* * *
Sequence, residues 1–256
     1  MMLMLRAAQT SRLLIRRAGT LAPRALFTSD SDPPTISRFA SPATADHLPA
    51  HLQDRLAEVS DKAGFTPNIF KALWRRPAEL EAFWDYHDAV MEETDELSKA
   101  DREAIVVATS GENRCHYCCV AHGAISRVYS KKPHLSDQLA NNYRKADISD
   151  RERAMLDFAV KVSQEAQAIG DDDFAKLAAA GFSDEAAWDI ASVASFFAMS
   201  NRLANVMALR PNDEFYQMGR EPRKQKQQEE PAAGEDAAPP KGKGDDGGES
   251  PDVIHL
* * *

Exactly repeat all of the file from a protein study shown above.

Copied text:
Sequence, residues 1–256
     1  MMLMLRAAQT SRLLIRRAGT LAPRALFTSD SDPPTISRFA SPATADHLPA
    51  HLQDRLAEVS DKAGFTPNIF KALWRRPAEL EAFWDYHDAV MEETDELSKA
   101  DREAIVVATS GENRCHYCCV AHGAISRVYS KKPHLSDQLA NNYRKADISD
   151  RERAMLDFAV KVSQEAQAIG DDDFAKLAAA GFSDEAAWDI ASVASFFAMS
   201  NRLANVMALR PNDEFYQMGR EPRKQKQQEE PAAGEDAAPP KGKGDDGGES
   251  PDVIHL